Compromise settles dispute over fast-food franchise status

In some ways, the most interesting – and perhaps most significant – event of the closing days of the 2023 legislative session was a compromise agreement on state oversight of fast food industry.

Last year, unions pushed through legislation that would have created a new state commission to set wages and working conditions in the industry.

By implication, the legislation sidelined the industry’s franchise system and treated local outlets as mere branches of their corporate franchisors.

Although the resulting wage increases received most of the media attention, the erosion of the franchise model was the most worrying aspect for fast food companies and their franchisees.

Immediately, industry bigwigs pledged tens of millions of dollars for a campaign to challenge the legislation through a qualified referendum to be presented to voters in 2024.

Parliament’s response was to consider another bill that would have doubled down on the attacks on the franchise model by making corporate franchisors legally responsible for labor law violations at their franchisees’ fast food outlets.

With the outcome of the referendum uncertain, the long-warring factions began negotiating and last week a deal was reached.

The 2022 legislation would be repealed, the 2023 legislation would be scuttled, and a substitute for both would retain the fast food council but slightly change its composition, limit its power to set wages and working conditions, provide for a new minimum wage of $20 per hour for employees. fast food workers, ban local efforts to change wages, and eliminate threats to the franchise model.

Like all legislative compromises, this one, included in Assembly Bill 1228had something for everyone but didn’t give every stakeholder everything they wanted.

“Over the past decade, California fast food cooks, cashiers and baristas have raised the alarm about the poverty wages and unsafe working conditions that plague our industry,” said Ingrid Vilorio, executive. fast food union, in a press release. “We always knew that to resolve these issues, we needed a seat at the table with our employers and the power to help create better rules in our sector. »

“This enables meaningful wage increases for workers, while at the same time eliminating greater – and potentially existential – threats, costs and regulatory burdens targeting local restaurants in California,” said Matt Haller, CEO of the International Franchise Association, in a press release.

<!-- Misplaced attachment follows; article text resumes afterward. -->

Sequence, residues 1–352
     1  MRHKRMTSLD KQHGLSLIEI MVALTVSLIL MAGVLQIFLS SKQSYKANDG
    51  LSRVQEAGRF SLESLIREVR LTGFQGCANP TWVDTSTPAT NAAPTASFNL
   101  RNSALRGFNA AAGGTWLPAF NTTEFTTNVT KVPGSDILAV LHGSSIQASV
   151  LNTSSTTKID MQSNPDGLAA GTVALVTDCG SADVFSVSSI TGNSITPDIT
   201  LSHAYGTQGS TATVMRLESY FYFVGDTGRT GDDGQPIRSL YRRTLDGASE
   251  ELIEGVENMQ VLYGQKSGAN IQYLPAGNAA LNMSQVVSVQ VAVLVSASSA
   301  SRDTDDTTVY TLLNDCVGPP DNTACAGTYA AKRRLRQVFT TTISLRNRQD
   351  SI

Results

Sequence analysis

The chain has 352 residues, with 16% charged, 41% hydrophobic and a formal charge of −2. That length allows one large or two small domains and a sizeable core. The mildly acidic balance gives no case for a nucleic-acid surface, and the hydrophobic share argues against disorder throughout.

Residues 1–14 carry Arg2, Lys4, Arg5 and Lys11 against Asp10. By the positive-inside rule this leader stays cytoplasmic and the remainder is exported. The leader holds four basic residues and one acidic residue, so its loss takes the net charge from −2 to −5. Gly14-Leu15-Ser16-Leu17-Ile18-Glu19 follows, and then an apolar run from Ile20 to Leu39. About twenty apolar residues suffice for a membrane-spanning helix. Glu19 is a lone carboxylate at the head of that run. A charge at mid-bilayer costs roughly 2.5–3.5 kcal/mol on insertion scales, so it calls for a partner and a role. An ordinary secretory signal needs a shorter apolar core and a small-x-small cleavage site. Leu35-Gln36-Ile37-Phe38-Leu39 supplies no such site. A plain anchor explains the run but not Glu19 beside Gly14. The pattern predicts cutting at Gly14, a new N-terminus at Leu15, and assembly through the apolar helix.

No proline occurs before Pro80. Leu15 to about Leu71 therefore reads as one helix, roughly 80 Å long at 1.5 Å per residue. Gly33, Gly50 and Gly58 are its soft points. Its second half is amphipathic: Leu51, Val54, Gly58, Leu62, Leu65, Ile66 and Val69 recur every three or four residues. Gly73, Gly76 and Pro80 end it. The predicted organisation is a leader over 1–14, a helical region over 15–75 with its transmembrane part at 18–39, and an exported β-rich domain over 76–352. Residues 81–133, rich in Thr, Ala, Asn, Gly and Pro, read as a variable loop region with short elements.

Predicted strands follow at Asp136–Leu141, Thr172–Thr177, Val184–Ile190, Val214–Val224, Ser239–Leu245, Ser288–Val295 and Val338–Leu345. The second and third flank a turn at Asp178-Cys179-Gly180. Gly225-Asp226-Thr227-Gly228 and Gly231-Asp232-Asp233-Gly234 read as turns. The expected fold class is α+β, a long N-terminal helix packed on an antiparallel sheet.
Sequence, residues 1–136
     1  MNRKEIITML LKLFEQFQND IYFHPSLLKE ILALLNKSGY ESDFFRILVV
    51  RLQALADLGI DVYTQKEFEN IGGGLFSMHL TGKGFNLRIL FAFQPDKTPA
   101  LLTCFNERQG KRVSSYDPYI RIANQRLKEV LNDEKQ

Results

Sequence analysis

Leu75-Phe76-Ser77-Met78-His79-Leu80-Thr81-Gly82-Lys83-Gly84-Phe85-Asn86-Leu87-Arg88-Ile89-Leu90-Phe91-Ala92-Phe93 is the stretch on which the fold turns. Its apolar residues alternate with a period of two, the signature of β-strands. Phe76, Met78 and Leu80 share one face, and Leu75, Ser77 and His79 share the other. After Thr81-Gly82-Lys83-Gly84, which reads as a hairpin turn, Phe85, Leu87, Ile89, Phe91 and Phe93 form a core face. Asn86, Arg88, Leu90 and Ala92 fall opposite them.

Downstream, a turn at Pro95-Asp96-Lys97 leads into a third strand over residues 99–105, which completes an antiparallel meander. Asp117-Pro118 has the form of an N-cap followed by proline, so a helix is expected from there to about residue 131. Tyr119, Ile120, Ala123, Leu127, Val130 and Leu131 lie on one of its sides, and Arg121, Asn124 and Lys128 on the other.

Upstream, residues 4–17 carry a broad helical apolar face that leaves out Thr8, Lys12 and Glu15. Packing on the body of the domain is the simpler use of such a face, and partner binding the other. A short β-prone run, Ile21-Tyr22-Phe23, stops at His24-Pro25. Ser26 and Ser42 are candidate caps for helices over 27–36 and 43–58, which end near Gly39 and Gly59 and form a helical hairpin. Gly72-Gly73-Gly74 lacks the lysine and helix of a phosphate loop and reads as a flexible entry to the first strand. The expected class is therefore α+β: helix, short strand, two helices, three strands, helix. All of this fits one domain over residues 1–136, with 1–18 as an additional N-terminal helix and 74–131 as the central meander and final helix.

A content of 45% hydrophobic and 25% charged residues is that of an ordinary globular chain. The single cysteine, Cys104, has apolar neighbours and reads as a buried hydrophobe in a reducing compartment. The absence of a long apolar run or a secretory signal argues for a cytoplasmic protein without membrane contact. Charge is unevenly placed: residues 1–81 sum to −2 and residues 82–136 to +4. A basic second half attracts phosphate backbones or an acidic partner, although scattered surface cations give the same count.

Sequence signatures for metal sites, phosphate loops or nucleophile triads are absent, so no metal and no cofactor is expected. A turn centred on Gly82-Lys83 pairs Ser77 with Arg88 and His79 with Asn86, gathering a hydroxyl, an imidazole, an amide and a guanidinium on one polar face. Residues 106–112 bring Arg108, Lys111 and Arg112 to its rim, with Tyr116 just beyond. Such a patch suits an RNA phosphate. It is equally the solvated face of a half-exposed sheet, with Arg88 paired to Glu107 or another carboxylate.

Haller’s statement suggests that, overall, it appears that, given the circumstances, the big players in the fast food industry, such as McDonald’s, have emerged victorious, although their franchisees will feel the financial strain which will result from it.

The $20 minimum wage is only slightly higher than what fast food workers currently earn on average, as the industry has raised wages sharply in recent years in an effort to fully staff outlets. Current wages in California fast food average $19 per hour.

More importantly, the agreement protects the franchise system’s assumption that fast food outlet operators are independent businessmen who invest their money and are basically responsible for hiring, training, remuneration and sometimes dismissal of their workers.

If state regulation of wages and working conditions in fast food had survived as originally proposed, with franchisees indirectly considered merely branch managers rather than entrepreneurs, it could have harmed franchising in other industries of consumption.

Union leaders much prefer to deal with large-scale sectors rather than individual employers, both in organizing workers and in negotiating contracts. The recently ratified labor contract affecting all west coast ports is an example of sectoral negotiations, as is the current impasse on a new contract with the automobile industry.

Breaking up the fast food franchise system would have been a big step in that direction.

This article was originally published by CalMatters.

Dan Walters

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